Have you heard? Pioneering ear surgeon ready for critics
Pretoria University professor talks about being the first to transplant a 3D-printed bone into the ear of a patient
The University of Pretoria's Prof Mashuba Tshifularo has a strong message for his critics: “Let them come. No one has been doing it. This is unique.”
Tshifularo is expecting criticism from his academic colleagues for being the first in the world to transplant a 3D-printed bone into the middle ear of a patient with hearing loss.
He says cryptically that he has received some criticism and is expecting more. He is ready.
“Let them come,” he repeats, as he describes himself as a pioneer.
Tshifularo, who became a professor at the former Medunsa University at the age of 35, realised the rod-like sticks used in place of missing ear bones were “very inappropriate”.
“In the process of doing my PhD, I realised the prosthesis we are using to replace broken bone ... is very inappropriate. It has not given us a good sound outcome.”
But replacement hip bones looked like real hip bones, he noticed. “When I started medicine, the hip replacement we used to use was nails and screws. Can you go to any doctors and use nails and screws now [for a hip replacement]?”
So he decided that if there were realistic hip and knee implants, why not middle ear bones?
“This is what I want to change for ear, nose and throat specialists; to change from [using] rods to normal [titanium] bones.”
He thinks patients will hear better if given more realistic transplants. He didn’t want to delay the procedure until years-long clinical trials were conducted, especially since every request for funding from local scientific and research foundations was rejected.
“I am an academic ... if we delay and delay, someone else is going to pioneer it. I wanted to be the pioneer, to be first.
“The main idea is to say, look, we are going to be the first, in South Africa.”
He added that if someone claimed to be the first to do it, they would be wrong because “Tshifularo has done it in Pretoria”.
But he is ready for critics. He has not conducted lengthy trials or published this procedure in any journal yet. Trials and five academic articles are planned.
“I will deal with my academic colleagues; I know they are going to criticise. Being in the field for so long, I know what to say. I have answers for them.
“They don’t know that I have been working on this too long,” he said.
As a specialist in hearing loss due to broken and missing ear bones, Tshifularo said the prosthetic rods used instead of bones had given him “sleepless nights for 10 years”.
He said critics also didn’t know he had been practising this surgery on donated human temporal bones in a lab setting. He practised for two hours on the night before the operation, and knew exactly what to do. He was able to teach and explain to those watching.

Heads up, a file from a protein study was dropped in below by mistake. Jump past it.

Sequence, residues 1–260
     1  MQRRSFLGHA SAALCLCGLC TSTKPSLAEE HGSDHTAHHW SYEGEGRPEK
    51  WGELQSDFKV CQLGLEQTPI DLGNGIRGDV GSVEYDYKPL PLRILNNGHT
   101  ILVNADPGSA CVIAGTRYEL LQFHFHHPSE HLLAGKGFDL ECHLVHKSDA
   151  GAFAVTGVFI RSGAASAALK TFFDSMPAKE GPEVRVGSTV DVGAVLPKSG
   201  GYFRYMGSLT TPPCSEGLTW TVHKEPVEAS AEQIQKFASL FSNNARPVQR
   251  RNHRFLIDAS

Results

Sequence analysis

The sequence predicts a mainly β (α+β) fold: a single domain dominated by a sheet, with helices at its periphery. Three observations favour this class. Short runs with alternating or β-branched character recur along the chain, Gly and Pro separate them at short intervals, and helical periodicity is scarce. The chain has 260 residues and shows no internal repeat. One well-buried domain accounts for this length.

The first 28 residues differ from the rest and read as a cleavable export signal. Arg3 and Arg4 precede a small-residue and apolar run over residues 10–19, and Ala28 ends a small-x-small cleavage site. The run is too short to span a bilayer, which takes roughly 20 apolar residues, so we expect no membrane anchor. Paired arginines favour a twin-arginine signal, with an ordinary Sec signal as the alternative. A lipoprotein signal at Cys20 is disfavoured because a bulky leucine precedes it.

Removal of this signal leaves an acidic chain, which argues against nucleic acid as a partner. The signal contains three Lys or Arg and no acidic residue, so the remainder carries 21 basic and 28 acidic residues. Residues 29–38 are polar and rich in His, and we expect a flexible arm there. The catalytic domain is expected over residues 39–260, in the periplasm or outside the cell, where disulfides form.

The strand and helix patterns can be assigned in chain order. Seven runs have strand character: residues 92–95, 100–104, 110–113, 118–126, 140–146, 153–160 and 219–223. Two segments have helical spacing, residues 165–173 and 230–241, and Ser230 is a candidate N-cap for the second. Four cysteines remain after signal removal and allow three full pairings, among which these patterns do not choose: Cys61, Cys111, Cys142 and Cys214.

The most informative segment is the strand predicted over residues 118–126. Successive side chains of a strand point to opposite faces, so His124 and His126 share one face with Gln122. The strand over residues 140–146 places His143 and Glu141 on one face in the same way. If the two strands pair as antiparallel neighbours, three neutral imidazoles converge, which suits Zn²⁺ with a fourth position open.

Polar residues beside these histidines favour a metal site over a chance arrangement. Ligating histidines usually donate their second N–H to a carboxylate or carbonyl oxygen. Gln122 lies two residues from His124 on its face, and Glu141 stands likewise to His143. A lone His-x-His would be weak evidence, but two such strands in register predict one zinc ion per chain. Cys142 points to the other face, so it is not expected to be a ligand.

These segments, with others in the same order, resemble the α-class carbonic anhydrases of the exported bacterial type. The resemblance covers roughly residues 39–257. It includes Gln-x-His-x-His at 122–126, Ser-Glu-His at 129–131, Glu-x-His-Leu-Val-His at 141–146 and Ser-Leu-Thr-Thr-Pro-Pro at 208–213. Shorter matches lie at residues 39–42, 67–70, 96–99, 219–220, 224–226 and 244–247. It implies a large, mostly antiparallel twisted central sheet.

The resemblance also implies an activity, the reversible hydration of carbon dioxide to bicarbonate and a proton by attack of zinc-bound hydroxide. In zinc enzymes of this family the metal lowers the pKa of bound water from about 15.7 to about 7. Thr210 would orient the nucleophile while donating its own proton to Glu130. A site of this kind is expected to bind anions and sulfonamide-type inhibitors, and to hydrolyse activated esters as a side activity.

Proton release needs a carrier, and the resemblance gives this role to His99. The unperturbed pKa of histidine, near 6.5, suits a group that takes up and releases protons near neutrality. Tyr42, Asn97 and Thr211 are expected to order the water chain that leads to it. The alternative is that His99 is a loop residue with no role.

He is presenting his findings at an international congress in Poland in July. He also expects funding to finally come his way, but now “it will be on my terms”.
The professor, from Limpopo, is also a pastor, with his own religious website.
His 3D ear bone designs are patented. But what he came up with goes beyond 3D printing design, into how he attaches the titanium bones to the ear.
“The whole design and surgery is a completely new concept. There are a lot of secrets up my sleeves,” he said.
There is work being done abroad to design 3D-printed bones that mimic the ear bones, but Tshifularo is the first to be able to operate on humans using such prosthetic bones.
Why hasn’t anyone done this?
“I can’t answer that. Maybe I am just brilliant,” he says, and laughs.
“So, anybody who comes with new ideas, you can’t ask why other people were not thinking ... Maybe I am just the pioneer.”
His first patient, Thabo Molishiwa, 39, was more than happy to be operated on.
He has had no hearing in his right ear since being assaulted in 2016. Conventional operations in 2018 failed to help.
“When Prof [Tshifularo] asked if I would [agree to the procedure], I couldn’t resist. I was very much happy. I wouldn’t miss this opportunity to get my hearing back.”
His girlfriend of two-and-a-half years, Lerato, became irritated when he didn’t hear with his left ear, and accused him of not listening.
Molishiwa said he hoped his hearing would return, adding that, since this morning, he could hear vibrations when he touched his ear.